Congratulations. You did it. You passed your checkride and now you are a private pilot.
What’s next? For the first six months or so you’ll try to fly every week or so, but soon you’ll note that boring holes in the sky in pursuit of the $100 hamburger loses its thrill.
The next thing you know, a year has passed and you haven’t been in the air at all. You may feel like you have to relearn everything. If you don’t want this to happen to you, you’d be wise to find ways to keep aviation interesting.
Here are some suggestions:
Join an aviation club. There are several out there ranging from local organizations to large type clubs and international groups such as the Experimental Aircraft Association and the Ninety-nines. Very often these groups have fly-out events and safety programs for their members. It’s a way to interact with other pilots and often the social contact inspires you to fly more.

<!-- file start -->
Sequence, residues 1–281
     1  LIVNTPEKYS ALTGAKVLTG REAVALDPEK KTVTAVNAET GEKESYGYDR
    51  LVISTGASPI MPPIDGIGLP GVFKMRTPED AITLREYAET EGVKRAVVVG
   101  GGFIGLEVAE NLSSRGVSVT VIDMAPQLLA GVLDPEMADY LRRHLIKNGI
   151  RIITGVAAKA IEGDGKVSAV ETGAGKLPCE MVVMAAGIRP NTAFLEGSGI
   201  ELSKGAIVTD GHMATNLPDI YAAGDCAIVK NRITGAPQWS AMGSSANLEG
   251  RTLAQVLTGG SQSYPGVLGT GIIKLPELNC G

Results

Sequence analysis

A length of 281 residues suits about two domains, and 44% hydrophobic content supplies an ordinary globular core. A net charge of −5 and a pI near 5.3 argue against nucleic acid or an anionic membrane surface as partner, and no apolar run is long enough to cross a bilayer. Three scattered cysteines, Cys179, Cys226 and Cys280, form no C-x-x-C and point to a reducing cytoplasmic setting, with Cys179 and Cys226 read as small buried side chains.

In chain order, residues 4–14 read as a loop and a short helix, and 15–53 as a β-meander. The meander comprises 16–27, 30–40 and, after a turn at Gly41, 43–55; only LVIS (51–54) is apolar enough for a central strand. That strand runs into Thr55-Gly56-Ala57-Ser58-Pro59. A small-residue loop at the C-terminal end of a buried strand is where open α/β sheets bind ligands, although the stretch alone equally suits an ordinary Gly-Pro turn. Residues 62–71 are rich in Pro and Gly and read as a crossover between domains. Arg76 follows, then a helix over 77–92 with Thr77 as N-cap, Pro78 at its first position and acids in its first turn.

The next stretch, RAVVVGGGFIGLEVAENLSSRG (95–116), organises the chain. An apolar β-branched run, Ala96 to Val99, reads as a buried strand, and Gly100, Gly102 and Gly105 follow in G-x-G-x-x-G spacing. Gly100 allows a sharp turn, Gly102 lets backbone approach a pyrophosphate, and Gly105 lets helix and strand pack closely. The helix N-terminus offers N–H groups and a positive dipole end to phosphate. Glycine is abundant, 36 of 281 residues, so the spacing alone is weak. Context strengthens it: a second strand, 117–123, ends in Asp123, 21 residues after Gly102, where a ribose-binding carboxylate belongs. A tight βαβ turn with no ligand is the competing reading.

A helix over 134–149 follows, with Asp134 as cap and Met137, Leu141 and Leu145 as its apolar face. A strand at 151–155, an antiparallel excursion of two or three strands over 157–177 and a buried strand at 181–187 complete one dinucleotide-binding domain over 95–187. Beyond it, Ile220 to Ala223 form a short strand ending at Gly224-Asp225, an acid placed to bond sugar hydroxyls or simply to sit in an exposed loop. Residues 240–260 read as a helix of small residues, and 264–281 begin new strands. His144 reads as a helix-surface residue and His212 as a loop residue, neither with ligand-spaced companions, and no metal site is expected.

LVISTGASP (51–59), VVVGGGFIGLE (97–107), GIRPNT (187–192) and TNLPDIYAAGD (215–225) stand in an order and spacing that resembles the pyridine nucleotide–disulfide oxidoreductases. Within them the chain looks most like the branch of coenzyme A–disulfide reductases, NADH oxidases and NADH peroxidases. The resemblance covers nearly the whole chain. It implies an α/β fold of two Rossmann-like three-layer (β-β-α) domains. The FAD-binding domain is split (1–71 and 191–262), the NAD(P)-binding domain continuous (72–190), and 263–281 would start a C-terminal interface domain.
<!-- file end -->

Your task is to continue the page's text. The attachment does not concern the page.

Pursue additional training. Many insurance companies offer lower rates for pilots who have an instrument rating. You also may opt to add an endorsement, say high performance or tailwheel, to your ticket.
Become a volunteer pilot. Angel Flight, the Civil Air Patrol and organizations that provide transportation for animals are always looking for qualified pilots. You may find that flying with a purpose brings a new level of enjoyment to the activity. Do a search on the Internet to find volunteer groups near you.